Indian foreign minister Sushma Swaraj held a high-power meeting on Monday to discuss a deadline set by the Maldives for India to withdraw its helicopters gifted to the island nation, at least two senior officials confirmed.
According to sources, tensions over the presence of the two Indian helicopters in two different strategically important locations in Laamu and Addu atolls have been growing over the past few weeks, forcing the Ministry of External Affairs (MEA) to step in to defuse the situation.
“Maldives has given India a deadline by the month-end to remove its helicopters,” an official source told The Hindu. The government was discussing possible reactions to the move. Significantly, the meeting came just days after a vote at the U.N. for Security Council seats, where the Maldives claimed India had supported its candidature against that of Indonesia, an election that the Maldives lost nonetheless.
Relations between New Delhi and the Maldives have been frayed since last year, when Maldives rushed through a free trade agreement with China, and plummeted further after President Abdulla Yameen declared an emergency in the country in February.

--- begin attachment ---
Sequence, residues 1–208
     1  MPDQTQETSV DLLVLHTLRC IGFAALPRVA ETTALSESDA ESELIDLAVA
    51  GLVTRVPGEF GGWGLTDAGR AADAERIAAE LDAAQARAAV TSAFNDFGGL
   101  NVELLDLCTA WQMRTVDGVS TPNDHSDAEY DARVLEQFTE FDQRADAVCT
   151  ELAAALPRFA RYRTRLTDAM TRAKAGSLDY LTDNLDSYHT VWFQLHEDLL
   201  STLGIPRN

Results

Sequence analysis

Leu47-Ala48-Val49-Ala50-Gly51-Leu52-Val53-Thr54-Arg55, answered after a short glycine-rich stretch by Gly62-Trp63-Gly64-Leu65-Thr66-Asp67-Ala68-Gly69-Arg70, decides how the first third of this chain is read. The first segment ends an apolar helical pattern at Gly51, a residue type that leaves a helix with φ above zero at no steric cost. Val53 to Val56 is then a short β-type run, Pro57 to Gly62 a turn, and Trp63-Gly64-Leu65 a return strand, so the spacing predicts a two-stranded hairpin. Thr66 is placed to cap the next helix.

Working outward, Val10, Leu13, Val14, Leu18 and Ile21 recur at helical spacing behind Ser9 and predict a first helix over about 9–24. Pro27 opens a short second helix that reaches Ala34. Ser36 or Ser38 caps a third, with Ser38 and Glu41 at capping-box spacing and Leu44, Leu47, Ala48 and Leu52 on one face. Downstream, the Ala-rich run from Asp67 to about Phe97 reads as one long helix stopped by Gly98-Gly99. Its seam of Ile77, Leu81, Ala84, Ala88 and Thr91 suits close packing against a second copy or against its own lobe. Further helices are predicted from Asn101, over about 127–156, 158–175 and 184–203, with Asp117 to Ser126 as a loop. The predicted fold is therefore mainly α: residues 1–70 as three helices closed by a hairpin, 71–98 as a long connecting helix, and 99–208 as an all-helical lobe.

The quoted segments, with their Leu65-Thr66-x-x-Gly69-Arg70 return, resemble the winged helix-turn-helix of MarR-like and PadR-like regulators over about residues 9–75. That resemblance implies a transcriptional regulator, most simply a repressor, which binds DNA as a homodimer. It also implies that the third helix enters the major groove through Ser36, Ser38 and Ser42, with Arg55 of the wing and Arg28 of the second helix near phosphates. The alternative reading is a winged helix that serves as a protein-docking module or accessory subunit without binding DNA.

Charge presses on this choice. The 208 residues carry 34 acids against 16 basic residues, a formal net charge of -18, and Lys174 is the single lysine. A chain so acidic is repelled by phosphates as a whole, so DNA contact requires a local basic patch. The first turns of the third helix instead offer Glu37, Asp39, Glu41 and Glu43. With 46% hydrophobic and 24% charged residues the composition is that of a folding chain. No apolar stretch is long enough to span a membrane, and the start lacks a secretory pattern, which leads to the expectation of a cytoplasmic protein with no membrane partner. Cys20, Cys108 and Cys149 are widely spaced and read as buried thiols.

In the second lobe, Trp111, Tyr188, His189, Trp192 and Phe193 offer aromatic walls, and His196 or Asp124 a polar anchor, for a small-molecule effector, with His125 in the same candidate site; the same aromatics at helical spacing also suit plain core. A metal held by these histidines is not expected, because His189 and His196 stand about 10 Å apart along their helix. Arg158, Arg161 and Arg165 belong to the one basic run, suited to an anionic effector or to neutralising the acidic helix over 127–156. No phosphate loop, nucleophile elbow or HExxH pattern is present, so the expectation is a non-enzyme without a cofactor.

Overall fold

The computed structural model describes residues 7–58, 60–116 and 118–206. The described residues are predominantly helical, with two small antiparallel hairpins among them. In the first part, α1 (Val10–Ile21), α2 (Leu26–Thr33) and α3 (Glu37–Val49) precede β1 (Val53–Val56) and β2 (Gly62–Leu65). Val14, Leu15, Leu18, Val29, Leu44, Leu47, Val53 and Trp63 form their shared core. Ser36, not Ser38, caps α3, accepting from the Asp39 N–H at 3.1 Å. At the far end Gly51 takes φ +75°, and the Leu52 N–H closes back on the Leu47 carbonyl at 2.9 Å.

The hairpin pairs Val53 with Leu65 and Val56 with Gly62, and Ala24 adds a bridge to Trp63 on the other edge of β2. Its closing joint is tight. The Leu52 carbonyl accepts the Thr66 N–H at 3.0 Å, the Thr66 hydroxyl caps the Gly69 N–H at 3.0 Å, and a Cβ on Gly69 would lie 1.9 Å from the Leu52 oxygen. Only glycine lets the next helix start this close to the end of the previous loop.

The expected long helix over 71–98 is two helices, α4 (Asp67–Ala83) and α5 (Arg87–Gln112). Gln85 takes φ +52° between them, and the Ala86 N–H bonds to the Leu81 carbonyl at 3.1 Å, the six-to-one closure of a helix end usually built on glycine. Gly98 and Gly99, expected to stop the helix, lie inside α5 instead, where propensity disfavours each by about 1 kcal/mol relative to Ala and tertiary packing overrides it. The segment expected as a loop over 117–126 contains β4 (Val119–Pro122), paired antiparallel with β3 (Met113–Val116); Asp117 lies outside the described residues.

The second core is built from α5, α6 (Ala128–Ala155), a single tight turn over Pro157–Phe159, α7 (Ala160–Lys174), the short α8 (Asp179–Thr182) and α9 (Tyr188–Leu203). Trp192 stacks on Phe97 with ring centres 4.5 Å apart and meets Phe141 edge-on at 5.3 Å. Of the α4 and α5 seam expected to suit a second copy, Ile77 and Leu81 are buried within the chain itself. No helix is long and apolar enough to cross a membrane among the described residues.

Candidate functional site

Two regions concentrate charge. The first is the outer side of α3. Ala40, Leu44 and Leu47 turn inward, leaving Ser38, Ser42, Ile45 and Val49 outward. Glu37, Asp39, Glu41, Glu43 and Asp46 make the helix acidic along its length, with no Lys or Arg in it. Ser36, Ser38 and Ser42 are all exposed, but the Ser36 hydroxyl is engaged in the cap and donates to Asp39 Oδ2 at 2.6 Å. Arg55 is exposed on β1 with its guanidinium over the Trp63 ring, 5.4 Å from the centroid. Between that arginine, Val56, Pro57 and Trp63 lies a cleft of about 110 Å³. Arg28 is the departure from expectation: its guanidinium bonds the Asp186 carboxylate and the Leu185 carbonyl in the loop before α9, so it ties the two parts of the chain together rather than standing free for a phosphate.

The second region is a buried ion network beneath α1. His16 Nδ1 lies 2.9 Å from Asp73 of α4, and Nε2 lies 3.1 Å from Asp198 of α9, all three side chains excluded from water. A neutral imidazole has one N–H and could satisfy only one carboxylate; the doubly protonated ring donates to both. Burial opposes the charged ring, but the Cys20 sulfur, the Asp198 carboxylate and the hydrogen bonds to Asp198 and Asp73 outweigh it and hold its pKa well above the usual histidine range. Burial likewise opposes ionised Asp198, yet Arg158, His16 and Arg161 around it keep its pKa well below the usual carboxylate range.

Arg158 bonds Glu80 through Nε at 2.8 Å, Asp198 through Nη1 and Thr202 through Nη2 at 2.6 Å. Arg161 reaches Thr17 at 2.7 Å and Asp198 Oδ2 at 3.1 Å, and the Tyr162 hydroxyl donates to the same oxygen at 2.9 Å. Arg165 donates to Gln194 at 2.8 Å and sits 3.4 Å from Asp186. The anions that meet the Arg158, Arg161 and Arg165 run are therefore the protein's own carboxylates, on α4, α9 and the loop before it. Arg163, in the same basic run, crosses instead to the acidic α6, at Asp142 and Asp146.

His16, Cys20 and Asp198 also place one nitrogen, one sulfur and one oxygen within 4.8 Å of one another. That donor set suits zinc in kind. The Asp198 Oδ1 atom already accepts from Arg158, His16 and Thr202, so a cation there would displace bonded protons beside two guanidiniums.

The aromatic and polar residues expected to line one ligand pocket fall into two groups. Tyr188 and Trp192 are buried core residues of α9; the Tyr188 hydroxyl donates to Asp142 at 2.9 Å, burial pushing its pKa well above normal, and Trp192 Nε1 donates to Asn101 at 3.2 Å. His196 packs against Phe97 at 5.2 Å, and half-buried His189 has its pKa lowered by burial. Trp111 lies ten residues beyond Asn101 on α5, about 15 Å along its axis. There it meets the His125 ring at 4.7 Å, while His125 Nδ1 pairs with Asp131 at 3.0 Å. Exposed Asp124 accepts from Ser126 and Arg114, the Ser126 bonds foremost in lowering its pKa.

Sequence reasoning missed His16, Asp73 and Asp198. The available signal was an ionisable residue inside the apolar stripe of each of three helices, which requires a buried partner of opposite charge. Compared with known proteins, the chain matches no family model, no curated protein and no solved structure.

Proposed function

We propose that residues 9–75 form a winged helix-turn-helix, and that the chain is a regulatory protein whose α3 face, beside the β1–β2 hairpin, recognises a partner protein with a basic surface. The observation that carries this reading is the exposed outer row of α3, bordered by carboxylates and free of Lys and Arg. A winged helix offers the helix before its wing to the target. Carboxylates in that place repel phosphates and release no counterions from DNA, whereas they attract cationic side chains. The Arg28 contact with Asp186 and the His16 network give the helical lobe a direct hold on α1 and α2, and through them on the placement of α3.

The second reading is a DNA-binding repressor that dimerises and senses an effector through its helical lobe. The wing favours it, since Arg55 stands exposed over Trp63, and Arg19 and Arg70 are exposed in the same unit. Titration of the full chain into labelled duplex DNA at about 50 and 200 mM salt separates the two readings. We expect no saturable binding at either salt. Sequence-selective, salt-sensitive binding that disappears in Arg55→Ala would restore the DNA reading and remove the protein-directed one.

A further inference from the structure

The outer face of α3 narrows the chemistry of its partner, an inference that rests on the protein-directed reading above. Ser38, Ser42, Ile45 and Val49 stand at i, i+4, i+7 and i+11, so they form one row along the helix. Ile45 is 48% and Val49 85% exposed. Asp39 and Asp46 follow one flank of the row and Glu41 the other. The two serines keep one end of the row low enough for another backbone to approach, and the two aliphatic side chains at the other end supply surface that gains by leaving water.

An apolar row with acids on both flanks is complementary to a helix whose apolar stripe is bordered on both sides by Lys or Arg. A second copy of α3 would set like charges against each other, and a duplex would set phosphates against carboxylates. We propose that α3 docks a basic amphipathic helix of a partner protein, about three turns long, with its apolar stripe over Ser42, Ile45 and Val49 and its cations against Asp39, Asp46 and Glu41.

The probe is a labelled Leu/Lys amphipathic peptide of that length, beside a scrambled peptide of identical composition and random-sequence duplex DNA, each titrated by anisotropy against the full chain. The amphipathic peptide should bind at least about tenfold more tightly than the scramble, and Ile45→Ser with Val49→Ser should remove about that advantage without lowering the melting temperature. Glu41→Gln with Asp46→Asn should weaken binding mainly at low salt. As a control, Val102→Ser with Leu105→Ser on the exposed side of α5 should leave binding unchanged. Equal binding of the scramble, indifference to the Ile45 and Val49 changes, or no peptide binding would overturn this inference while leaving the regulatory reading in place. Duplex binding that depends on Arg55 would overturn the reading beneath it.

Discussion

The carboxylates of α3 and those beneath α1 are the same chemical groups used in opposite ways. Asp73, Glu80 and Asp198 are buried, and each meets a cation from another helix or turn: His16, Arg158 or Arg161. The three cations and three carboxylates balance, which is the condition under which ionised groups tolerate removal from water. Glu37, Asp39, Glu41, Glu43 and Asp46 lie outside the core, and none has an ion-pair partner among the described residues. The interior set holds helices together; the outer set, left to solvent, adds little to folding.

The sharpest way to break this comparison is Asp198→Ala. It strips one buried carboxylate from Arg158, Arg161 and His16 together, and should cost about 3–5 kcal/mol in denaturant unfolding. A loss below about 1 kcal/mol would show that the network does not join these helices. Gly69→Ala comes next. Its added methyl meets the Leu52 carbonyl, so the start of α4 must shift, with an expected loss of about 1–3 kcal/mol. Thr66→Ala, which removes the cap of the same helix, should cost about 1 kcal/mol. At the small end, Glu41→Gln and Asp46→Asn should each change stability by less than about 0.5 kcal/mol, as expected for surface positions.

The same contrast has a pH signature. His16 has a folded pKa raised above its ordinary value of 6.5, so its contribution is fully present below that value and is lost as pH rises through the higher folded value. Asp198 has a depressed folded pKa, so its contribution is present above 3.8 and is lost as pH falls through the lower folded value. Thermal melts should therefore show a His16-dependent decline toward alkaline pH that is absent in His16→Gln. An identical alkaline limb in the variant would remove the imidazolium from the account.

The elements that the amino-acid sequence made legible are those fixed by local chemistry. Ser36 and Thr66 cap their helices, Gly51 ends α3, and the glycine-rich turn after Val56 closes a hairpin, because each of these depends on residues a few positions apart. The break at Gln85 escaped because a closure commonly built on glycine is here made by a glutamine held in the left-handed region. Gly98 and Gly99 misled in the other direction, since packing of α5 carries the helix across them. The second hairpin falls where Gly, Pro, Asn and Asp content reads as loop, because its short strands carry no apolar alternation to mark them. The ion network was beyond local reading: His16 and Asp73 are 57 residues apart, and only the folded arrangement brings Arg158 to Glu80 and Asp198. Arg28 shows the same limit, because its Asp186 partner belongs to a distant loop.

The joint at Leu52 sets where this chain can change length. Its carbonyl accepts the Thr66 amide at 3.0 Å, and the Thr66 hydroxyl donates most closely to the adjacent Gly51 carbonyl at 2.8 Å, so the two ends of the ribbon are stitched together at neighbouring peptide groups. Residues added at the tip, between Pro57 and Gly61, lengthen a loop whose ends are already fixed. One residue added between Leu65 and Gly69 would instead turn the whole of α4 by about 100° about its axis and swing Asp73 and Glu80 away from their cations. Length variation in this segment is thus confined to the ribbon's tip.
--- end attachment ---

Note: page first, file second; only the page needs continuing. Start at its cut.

India had gifted two Dhruv Advanced Light Helicopters (ALH) to Maldives in 2013, of which one was operated by the Indian Coast Guard and the other by the Indian Navy, which were manned by six pilots and a number of maintenance ground staff. In the normal course, Letters of Exchange are renewed for two years at a time, but on this occasion the Yameen government refused to do so and has since made it clear that it would like India to remove them and their crew entirely.
The LoE of the Coast Guard ALH had expired a few months ago, while the Navy ALH is due to expire in June. India has yet to recall either helicopters, in the hope that the matter will be resolved through negotiations.
The controversy had an additional twist last month when visas given to the pilots operating the helicopter expired at the end of May. A defence source said that despite requests, the visas were not renewed immediately, causing some concern for the personnel. “The MEA had to step in to sort the issue and it has now been extended by a month till June 30,” the source said.
Maldives has also not approved an LoE sent by India for a Dornier maritime patrol aircraft that the Maldives had itself requested, but in less tense times.